Friday, December 13, 2019

The Love of Animals at Christmas Time: An Angel Message


Today on our way to the post office, five wild turkeys crossed our path.  Turkey represents thanksgiving and abundance.  A reminder that no matter what is going on in our lives, the challenges we may be facing, or those of a loved one, the loss of a job, a relationship ending, a health issue, it is good to remember that these things have come to pass not to stay, and in hindsight we will be grateful that these experiences have  made us stronger in the long run. It's always a thrill to meet up with wild turkeys on the road, and to be thankful for all the good we presently have--so much to be thankful for.

Christ's  birth is closely associated with the animal kingdom.  Mary journeyed to Bethlehem on the back of a donkey.  The baby Jesus was born in a manger.  The wise men journeyed on camels to bring gifts to the Bethlehem babe.  Dogs watched over the shepherds' flocks by night when the angels brought glad tidings of great joy. 

Our furry family members, with their warm unconditional love, add to the celebration of Christmas.  It is interesting to note that Saint Francis of Assisi (Patron Saint of Animals) is credited with creating the first nativity scene in 1223, a live one.  

Listed below are different animals included as part of the Christmas stories told through the years.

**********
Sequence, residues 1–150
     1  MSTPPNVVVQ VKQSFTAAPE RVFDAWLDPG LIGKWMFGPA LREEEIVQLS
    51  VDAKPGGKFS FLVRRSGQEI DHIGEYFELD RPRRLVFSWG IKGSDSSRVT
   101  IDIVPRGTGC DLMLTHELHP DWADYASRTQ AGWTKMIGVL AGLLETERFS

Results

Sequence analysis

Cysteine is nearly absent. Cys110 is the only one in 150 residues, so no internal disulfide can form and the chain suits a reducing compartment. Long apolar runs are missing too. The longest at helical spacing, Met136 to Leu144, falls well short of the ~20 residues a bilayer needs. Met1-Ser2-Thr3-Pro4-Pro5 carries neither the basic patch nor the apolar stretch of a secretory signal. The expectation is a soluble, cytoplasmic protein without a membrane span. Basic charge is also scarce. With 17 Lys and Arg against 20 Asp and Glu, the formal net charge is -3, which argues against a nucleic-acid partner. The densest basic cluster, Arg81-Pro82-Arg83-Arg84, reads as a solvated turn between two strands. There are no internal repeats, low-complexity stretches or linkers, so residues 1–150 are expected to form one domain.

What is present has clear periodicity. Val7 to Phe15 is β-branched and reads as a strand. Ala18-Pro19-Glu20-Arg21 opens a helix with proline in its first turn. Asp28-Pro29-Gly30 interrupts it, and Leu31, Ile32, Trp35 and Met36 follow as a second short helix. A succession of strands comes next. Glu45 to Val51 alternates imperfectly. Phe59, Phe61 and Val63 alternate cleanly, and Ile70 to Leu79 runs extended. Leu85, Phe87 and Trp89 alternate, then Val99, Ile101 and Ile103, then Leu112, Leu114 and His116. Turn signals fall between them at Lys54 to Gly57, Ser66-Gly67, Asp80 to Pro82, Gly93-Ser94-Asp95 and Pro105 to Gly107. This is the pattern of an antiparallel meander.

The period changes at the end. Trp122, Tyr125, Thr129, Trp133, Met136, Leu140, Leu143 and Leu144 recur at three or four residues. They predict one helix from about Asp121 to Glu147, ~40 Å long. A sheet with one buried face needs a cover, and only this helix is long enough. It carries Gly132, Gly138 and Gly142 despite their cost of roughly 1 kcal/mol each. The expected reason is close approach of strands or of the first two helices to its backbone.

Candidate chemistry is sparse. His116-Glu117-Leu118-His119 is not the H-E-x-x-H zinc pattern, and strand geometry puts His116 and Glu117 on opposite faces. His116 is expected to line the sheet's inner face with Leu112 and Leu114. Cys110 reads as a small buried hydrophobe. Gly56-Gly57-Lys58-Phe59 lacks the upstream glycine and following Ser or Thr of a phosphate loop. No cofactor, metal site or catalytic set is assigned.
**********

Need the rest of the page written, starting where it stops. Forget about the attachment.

Bees - hummed a Christmas carol.


Beetle - became a glow worm and its light guided travelers.


Cat - appeared, but disdained to join the kneeling beasts and only mumbled in recognition. Amused at its independence, Mother Mary blessed it, saying that it would always live at man's hearth, but never be man's servant.


Camels -  represented religious traditions.


Cow - donated her fresh hay to Mary for the Baby's bed and warmed the Child with her breath.


Doves - cooed Jesus to sleep.


Nightingale - had never sung before that night, but the choir of angels roused it and the bird caroled with them.


Owl - did not rouse itself to join its fellow animals and was condemned to perpetual penance, hiding by day and by night, crying "Who will guide me to the new born? Who? Who?"


Robin - fanned the fire in the cave of Bethlehem and kept it burning throughout the night. Its red breast singed by the flames became its mark of generosity.


Rooster - crowed all night.


Sheep - gave Mary the wool to weave a soft blanket.


Stork - plucked its own feathers to soften the infant's bed and so remained the patron of babies ever after.


Today why not take time to appreciate the magnificence of all God's creatures?   Pay special attention to any unusual encounters that cross your path. What were they doing when you noticed them.  The angels speak through nature, and await the joy of your rebirth. 

 I'm off to fill up the bird feeder.

Enjoy your day with the Angels.



Love and joyful blessings,




Rae Karen